If you’re really hungry or just a big eater, request your rice oomori for a larger than average serving of rice at no extra cost. Ootoya is a chain that you can find all over the country.
Take advantage of lunchtime specials
Lunchtime is king for good-value meal deals. Japanese restaurants are renowned for having multiple menus. Be sure to sift through them all and locate the one with the daily lunch specials – usually called higawari ranchi. You can often find a set meal that also includes a drink and maybe even a small dessert for $5-7.
Grab a ticket for a cheap meal
For a cheap meal on-the-go, you can try a vending machine restaurant.
Simply buy a ticket at the machine and then present it to the staff in exchange for your meal. Popular dishes at such restaurants include udon and soba noodles, and Japanese curry. You can find them everywhere and can easily get a meal for $3-4.
Here’s an example of a typical set meal you can find at vending machine restaurants. It is a cold soba (great for the hot summer season!) with tempura prawns.
Yep, you can even try alcohol for free by taking advantage of the various free tours offered by Japanese breweries and distilleries. One example is the Suntory tour in Tokyo where you can get a free tour of the beer factory (in Japanese) that concludes with a tasting of three of their beers.
A free shuttle bus is even provided from the south side of Bubaigawara train station, near the horse-mounted samurai statue.
Conveyor belt sushi restaurants
For a sushi fix that won’t break the bank, head to a conveyor belt sushi restaurant, where you can get a plate for around $1.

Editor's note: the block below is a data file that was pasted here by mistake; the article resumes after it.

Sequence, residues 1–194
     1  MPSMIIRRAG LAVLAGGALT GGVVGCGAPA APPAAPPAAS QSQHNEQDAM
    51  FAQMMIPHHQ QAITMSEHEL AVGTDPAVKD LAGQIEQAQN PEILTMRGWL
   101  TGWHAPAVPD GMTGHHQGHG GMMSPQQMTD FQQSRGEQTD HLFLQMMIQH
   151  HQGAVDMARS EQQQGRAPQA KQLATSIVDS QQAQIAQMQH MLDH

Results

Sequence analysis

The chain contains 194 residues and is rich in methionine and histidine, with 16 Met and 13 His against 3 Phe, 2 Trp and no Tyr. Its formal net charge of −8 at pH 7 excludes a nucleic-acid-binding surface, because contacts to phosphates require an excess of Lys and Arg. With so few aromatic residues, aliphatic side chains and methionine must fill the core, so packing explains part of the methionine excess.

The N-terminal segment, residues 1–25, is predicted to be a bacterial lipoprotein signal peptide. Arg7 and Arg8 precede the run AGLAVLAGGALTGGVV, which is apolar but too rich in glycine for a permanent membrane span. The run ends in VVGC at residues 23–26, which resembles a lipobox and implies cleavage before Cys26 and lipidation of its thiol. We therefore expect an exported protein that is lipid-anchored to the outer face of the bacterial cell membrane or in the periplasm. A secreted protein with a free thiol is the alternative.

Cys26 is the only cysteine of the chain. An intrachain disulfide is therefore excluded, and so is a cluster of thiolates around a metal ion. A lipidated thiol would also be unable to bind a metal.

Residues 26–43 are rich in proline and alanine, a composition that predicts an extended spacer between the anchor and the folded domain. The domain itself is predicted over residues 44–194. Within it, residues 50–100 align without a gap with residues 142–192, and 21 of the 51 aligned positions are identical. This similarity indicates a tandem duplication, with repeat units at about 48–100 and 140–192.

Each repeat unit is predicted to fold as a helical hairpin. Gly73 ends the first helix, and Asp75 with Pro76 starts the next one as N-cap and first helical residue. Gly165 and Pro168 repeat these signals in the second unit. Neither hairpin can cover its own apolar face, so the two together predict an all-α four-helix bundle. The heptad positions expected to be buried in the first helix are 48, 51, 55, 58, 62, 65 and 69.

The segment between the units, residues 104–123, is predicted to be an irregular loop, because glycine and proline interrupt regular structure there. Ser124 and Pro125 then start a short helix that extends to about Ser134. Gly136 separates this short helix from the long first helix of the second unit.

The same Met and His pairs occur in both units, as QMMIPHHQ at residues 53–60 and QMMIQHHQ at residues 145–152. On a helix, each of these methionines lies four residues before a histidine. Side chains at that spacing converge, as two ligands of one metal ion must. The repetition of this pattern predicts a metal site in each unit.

Plates usually include two pieces of sushi and allow you to try all kinds of sushi varieties that you may not have the chance to experience back home. I never spend more than $10, including a drink and miso soup, and always leave extremely satisfied.
Part of the fun of visiting chain conveyor belt sushi restaurants is ordering your food via electronic screen. Just before your order reaches you, it will start playing a tune so you know it’s yours for the taking!
Eat street food
Grabbing a bite at street food stalls is not only fairly friendly on the wallet, but it allows you to literally taste Japan through its variety of snack foods. Osaka is one of the best places for street food in the country. (Check out this definitive guide to Osaka’s food scene.)
You absolutely cannot leave without trying takoyaki, balls of batter filled with octopus, and okonomiyaki, a savory Japanese-style pancake. Expect to pay around $5 for a light meal.
The experience is made all the more interesting with the gaudy, singing and moving sign displays along and around the Dotonbori shopping strip.
Go to “family” restaurants & get the drink bar
Famiri resu are not just for families. They are often bustling at lunch and dinnertime with students, workers and couples because they provide some of the best value meals around. My favorite one is Italian style Saizeriya, where you can get pizza and pasta for less than 4 bucks a pop.
For less than $2, you can add the drink bar, which you’ll find at similar restaurants all over the country. This allows you unlimited soft drinks, juices, teas and coffees, including machine brews like lattes and cappuccinos.
Saizeriya also have the cheapest restaurant alcohol I’ve found anywhere – a glass of the house white or red is less than a dollar and 500ml decanters are around $3.60. Share a bottle of some of their ‘nicer’ wines with friends for just $10.
Tempted to visit this awe-inspiring country (even on a budget)? Check out our range of small group adventures in Japan.
(Hero image c/o Luke Attard. All other images c/o Jessica Korteman at notesofnomads.com)